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Shooting spree kills 3 in cafe, carjack victim

SEATTLE (AP) -- A gunman killed four people Wednesday -- three at a cafe and another in a carjacking -- before he apparently shot himself as officers closed in following a citywide manhunt, authorities said.

He was hospitalized in critical condition.

Police searching for the suspect in the first shooting at the Cafe Racer near the University of Washington -- where two men and a woman died -- also had to respond to another fatal attack near the city's downtown. They say a man killed a woman in an apparent carjacking and fled in a black sport utility vehicle. Authorities said late Wednesday they believe that one man was responsible for both attacks.

"At this time, we feel pretty confident that we have the suspect," said Assistant Police Chief Nick Metz.

The latest spasm of deadly gun violence to hit the city worried Seattle's leaders and prompted police to consider increasing patrols in high-crime areas. The four deaths bring the number of homicides so far this year to 20, compared with 21 in all of last year.



Salmonella reported from mail-order chicks

ATLANTA (Bloomberg News) -- The urban chicken movement has unleashed salmonella poisoning.

Baby chickens from a mail-order hatchery that supplies backyard flocks sickened 316 people in 43 states over eight years, the U.S. Centers for Disease Control and Prevention said.

The chicks were contaminated with salmonella, the most common cause of foodborne illness in the United States, according to a report Wednesday in the New England Journal of Medicine.

Poultry are a common carrier of the bacteria, and health authorities are increasingly concerned as the mail-order hatching industry reported record sales "due to increased interest in raising backyard flocks and urban chickens" in the first half of 2009, the report said.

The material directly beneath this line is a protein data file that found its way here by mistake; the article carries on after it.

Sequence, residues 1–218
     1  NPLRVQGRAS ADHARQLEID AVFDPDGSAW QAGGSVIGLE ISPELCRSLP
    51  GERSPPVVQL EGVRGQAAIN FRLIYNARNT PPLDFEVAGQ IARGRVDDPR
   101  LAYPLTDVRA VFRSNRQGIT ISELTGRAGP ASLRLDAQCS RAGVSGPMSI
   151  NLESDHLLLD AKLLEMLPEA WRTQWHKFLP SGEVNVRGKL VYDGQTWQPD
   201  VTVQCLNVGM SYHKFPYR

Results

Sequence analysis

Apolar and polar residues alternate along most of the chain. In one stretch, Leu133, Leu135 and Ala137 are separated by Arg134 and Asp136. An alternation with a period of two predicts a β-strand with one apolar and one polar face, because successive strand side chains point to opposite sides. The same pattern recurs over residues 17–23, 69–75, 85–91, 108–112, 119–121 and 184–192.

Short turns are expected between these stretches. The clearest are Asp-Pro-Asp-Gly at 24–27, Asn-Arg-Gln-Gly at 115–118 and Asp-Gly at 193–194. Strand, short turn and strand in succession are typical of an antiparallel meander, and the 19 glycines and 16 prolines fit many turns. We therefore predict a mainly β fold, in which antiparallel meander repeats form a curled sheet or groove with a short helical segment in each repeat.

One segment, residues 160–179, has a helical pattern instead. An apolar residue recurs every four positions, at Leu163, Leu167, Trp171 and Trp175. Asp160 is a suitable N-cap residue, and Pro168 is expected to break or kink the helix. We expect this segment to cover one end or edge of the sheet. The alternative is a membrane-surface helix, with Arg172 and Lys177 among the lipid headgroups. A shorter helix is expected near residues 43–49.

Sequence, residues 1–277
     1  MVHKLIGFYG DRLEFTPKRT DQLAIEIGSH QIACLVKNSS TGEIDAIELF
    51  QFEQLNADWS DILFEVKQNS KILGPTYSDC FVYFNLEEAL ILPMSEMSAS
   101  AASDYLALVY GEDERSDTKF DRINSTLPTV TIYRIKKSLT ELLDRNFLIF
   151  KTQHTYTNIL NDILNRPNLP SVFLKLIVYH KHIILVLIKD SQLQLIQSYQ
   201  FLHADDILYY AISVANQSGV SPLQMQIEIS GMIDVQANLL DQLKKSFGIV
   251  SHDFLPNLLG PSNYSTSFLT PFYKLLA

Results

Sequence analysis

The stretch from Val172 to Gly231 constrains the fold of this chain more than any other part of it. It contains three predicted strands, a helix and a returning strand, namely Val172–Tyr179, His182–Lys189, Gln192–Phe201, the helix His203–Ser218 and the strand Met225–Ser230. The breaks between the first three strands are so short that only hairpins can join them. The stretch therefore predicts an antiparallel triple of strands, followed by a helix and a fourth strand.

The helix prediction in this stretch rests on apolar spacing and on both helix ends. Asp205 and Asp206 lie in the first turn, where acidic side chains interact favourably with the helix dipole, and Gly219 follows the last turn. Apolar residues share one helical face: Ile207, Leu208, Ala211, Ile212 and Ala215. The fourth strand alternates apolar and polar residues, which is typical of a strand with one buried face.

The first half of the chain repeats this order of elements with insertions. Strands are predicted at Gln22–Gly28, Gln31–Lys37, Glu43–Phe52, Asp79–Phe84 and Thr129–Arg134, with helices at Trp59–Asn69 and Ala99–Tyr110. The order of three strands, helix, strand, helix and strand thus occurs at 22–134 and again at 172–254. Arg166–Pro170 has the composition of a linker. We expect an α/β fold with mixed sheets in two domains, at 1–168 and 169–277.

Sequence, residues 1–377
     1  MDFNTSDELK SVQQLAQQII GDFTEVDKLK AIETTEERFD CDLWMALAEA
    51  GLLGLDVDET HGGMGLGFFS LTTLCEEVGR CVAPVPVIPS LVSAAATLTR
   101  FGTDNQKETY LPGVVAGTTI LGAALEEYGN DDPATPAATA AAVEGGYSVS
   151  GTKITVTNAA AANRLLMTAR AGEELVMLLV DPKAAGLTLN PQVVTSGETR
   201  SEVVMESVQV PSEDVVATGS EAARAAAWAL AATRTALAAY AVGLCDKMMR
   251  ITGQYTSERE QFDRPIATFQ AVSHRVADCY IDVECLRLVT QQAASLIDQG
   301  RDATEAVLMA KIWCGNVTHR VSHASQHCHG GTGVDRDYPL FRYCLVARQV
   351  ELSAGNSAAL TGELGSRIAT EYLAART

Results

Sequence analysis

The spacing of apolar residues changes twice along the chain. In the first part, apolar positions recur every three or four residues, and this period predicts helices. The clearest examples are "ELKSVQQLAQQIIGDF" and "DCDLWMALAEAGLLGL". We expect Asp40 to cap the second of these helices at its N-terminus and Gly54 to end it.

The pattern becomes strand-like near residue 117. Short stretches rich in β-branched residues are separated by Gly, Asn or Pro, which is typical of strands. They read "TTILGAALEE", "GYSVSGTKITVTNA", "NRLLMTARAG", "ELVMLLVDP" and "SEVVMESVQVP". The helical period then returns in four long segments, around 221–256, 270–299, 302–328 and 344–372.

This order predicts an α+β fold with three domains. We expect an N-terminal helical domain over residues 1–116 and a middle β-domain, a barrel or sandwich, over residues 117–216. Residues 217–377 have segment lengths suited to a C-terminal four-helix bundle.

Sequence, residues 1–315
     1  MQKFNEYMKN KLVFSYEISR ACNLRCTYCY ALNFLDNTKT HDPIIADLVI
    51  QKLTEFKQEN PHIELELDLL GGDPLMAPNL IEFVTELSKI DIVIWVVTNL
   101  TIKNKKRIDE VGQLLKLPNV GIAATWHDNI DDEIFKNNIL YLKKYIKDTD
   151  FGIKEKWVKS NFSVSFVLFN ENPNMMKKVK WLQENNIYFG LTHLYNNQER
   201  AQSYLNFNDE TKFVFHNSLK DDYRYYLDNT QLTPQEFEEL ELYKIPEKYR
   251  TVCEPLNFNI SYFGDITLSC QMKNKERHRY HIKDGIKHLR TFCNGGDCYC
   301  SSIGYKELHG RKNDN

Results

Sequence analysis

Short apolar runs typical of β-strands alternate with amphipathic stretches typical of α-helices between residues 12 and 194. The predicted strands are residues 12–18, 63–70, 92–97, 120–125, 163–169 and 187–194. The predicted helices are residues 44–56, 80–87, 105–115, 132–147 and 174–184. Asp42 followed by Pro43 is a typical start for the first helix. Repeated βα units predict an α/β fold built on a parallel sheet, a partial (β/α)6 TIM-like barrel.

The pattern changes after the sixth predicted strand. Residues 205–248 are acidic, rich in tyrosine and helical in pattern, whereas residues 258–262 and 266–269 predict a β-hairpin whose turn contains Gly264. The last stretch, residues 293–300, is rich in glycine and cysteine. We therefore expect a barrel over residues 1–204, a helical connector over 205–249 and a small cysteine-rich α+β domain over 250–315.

The outbreak lasted from 2004 through 2011, and cases were probably higher than the laboratory-confirmed number published, the report said.



Fire in national forest is state's largest ever

ALBUQUERQUE, N.M. (AP) -- A massive wildfire that has burned more than 265 square miles in the Gila National Forest has become the largest fire in New Mexico history, fire officials confirmed Wednesday.

The blaze grew overnight to more than 170,000 acres, surpassing a fire last year that burned 156,593 acres in Los Conchas and threatened the Los Alamos National Laboratory, the nation's premier nuclear facility.

The Gila forest fire also is the largest burning in the country. It formed last week when two lightning-sparked blazes merged in an isolated mountainous area in southwestern New Mexico, where it has destroyed about a dozen homes and prompted evacuations of nearby towns and health alerts for the state's largest cities.



Jurors in Edwards trial end 8th day; no verdict

GREENSBORO, N.C. (AP) -- The federal judge overseeing the campaign corruption trial of former Sen. John Edwards sent the jury home Wednesday after eight days of deliberations without a verdict and released the four alternate jurors, who have garnered attention for their matching shirts but have not participated in deliberations.

Judge Catherine C. Eagles cautioned the alternates not to discuss or read media reports about the trial in case they need to be recalled. She gave no indication whether she believed that the 12 jurors are close to deciding the fate of the two-time Democratic presidential candidate.

Edwards faces six felony charges in a case involving nearly $1 million provided by two wealthy political donors to help hide the Democrat's pregnant mistress as he sought the White House in 2008.